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TiffanyMarie80
by Silver Member on Feb. 23, 2014 at 1:58 PM
I don't agree with how it was done, but I get why it was proposed to begin with- i live in WA, and last year when we voted to switch from civil unions to same sex marriages, there were supposed to be protections built in that would keep wedding venues and vendors from being forced to participate (for example, a same sex couple couldn't sue a church for refusing to perform their wedding ceremony when it's against the church doctrine to do so). However, both a flower shop and a bakery have now been successfully sued because they, as wedding vendors, did not want to participate in a same sex wedding ceremony. The Arizona law was an attempt to make sure that wedding vendors there were protected from those lawsuits, at least that's how it started. I haven't read it, but it sounds like they've expanded the scope - either that or people opposed to it are exaggerating the scope.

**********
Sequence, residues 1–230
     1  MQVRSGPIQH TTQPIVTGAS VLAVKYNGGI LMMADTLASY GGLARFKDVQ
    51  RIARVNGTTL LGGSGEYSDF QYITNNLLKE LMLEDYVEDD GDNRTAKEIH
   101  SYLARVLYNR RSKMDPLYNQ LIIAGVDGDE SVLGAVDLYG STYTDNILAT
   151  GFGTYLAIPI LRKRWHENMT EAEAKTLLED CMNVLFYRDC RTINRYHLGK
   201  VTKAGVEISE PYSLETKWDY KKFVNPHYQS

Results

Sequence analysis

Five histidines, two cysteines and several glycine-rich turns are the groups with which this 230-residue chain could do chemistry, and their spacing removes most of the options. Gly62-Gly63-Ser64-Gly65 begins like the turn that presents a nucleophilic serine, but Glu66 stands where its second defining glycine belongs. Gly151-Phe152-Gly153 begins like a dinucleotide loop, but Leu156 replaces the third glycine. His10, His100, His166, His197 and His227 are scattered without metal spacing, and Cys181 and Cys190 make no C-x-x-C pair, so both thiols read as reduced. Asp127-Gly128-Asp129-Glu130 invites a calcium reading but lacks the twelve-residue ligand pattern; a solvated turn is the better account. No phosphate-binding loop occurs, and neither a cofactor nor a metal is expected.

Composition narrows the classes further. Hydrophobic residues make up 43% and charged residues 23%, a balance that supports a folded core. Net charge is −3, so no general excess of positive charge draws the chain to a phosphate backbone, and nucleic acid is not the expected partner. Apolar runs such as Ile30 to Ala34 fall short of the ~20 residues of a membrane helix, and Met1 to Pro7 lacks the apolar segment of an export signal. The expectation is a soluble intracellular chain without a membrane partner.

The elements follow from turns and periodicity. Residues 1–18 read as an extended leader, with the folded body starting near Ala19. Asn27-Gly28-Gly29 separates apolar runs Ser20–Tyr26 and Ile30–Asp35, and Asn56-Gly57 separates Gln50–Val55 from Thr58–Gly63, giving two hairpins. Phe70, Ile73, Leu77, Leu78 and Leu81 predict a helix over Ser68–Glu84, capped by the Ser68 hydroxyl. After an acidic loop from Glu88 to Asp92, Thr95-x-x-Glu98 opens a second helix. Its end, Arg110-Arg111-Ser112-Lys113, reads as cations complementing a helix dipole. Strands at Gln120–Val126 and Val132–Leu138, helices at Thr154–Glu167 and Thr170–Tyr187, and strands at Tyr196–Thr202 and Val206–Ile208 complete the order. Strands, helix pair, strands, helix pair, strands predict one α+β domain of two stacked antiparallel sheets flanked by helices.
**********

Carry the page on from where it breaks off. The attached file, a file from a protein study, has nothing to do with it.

ditsyjo
by Gold Member on Feb. 24, 2014 at 2:05 AM

 I believe the wording is any business owner can refuse service based on any religious belief.... meaning it doesn't just apply to gay or lesbian vs christian. it could protect say a muslim who doesn't want to serve a christian or vise versa... the basic gist is the same a person can not be sued for refusing to support something they don't believe in whatever their beliefs.